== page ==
U.S. Judge Decides Against Madster


The music industry Wednesday won a preliminary injunction against Madster, an Internet file-swapping service that record labels allege is used by millions to trade pirated songs.

The order by Chief Judge Marvin Aspen of the U.S. District Court in Chicago is the latest in a series of legal victories for the Recording Industry Assn. of America, a group representing more than two dozen major record labels and media companies.

Aspen said that the RIAA proved Madster users engaged in copyright infringement and that Madster executives knew or should have known of the infringement. “Defendants manage to do everything but actually steal the music off the store shelf and hand it to ... users,” Aspen wrote.

“This unequivocal ruling today underscores that companies and individuals will not be permitted to build a business on music they do not own,” RIAA Chief Executive Hilary Rosen said.


Madster, founded in 1998, has 5 million to 10 million users, founder Johnny Deep said. Originally known as Aimster, the Albany, N.Y., company operates a free instant-messaging service that lets users swap files over the Internet.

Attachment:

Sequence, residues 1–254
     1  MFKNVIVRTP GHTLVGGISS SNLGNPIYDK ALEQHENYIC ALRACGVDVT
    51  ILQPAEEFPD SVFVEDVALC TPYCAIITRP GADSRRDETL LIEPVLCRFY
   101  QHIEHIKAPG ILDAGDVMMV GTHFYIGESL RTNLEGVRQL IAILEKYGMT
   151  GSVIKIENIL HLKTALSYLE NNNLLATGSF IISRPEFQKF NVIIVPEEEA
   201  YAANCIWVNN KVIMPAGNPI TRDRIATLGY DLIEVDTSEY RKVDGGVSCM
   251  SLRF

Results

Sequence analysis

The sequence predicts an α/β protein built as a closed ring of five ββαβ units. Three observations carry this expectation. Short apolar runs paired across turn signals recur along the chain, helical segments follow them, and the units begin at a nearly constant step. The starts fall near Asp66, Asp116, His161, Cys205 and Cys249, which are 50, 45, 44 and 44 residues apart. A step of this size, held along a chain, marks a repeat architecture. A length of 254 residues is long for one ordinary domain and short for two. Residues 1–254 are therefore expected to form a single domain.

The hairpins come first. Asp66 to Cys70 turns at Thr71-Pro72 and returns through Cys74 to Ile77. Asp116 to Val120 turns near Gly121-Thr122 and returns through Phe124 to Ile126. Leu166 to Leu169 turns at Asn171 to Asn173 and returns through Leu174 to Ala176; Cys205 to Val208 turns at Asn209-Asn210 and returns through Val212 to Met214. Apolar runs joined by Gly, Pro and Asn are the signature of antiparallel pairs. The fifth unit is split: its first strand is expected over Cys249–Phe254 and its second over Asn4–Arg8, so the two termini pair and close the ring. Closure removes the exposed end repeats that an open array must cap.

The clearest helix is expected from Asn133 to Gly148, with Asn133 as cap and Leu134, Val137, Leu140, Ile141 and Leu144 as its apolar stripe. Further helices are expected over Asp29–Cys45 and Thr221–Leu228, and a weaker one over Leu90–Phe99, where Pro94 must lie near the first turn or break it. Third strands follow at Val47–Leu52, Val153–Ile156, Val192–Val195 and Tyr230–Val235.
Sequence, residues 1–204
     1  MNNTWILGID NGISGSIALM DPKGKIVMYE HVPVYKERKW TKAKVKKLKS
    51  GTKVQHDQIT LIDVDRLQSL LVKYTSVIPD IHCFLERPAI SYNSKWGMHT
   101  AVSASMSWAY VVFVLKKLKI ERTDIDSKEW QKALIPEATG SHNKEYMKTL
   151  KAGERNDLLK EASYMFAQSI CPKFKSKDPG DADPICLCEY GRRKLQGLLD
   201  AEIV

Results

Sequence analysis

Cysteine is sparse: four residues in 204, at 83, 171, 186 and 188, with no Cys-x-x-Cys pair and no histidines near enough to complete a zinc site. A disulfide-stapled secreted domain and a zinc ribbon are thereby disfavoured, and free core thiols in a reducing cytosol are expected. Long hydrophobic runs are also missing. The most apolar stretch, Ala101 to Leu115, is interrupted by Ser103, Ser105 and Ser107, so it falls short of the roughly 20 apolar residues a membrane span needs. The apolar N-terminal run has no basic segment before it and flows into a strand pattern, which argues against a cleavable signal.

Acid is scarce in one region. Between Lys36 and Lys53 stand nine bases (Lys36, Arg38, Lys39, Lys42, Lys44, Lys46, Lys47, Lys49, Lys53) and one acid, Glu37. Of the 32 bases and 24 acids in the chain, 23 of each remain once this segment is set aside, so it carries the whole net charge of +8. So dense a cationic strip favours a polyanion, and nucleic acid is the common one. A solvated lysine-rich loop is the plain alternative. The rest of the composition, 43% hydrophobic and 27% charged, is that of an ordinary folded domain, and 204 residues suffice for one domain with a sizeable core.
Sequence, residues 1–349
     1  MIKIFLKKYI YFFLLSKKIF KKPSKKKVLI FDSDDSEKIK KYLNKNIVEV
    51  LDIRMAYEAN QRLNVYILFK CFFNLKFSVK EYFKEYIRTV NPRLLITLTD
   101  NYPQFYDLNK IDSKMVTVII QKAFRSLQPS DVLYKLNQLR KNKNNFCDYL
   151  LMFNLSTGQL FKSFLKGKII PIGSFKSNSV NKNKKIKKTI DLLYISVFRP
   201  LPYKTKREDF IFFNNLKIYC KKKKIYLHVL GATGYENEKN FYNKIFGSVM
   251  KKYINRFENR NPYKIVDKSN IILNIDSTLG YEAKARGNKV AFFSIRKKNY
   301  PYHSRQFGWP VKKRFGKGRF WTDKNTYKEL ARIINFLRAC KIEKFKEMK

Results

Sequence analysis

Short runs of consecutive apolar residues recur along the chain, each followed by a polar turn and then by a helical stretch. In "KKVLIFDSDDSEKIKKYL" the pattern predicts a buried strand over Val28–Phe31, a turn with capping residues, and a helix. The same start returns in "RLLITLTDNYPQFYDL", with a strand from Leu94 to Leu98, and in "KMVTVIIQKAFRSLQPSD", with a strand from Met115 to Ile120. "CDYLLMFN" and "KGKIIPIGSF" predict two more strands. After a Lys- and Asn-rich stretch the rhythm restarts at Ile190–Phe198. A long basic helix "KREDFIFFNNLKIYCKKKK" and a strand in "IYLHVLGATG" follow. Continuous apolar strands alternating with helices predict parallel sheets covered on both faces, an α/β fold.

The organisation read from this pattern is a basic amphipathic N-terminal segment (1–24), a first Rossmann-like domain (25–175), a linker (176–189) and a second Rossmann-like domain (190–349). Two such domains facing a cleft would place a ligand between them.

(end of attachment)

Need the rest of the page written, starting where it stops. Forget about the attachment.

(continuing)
Deep said his company is not capable of monitoring the encrypted messages that go through the Madster service.

“Every message on our service goes through an envelope so we never see what’s in those messages,” Deep said. “How does the post office prevent bootleg CDs from being mailed in plain envelopes? That’s our problem.”

In his ruling, Aspen ordered the RIAA to propose the wording for a final injunction. The order mirrors the legal path traveled by Napster, a controversial file-sharing service that has shut down.

When Napster complained of the difficulty of monitoring its members’ files, the judge in that case refused to allow the service to continue.